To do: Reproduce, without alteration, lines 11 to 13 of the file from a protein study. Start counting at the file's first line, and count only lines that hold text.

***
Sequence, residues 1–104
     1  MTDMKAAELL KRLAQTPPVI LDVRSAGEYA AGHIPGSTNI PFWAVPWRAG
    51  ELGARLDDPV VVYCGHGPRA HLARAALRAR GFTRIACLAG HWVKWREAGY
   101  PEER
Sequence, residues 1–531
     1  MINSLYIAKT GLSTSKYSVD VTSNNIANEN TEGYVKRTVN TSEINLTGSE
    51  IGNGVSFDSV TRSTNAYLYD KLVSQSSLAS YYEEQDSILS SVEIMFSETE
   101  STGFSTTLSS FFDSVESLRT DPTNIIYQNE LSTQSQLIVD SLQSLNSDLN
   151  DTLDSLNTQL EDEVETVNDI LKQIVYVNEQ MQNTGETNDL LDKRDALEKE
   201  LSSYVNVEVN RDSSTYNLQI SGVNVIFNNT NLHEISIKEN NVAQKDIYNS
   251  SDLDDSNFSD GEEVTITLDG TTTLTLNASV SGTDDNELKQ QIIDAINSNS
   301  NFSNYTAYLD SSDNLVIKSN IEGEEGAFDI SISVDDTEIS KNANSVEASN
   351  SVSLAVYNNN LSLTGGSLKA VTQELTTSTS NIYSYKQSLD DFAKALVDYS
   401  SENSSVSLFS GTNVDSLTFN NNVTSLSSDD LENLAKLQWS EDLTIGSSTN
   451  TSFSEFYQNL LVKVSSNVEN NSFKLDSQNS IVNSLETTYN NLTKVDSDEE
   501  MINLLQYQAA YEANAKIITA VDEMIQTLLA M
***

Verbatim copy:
   251  SDLDDSNFSD GEEVTITLDG TTTLTLNASV SGTDDNELKQ QIIDAINSNS
   301  NFSNYTAYLD SSDNLVIKSN IEGEEGAFDI SISVDDTEIS KNANSVEASN
   351  SVSLAVYNNN LSLTGGSLKA VTQELTTSTS NIYSYKQSLD DFAKALVDYS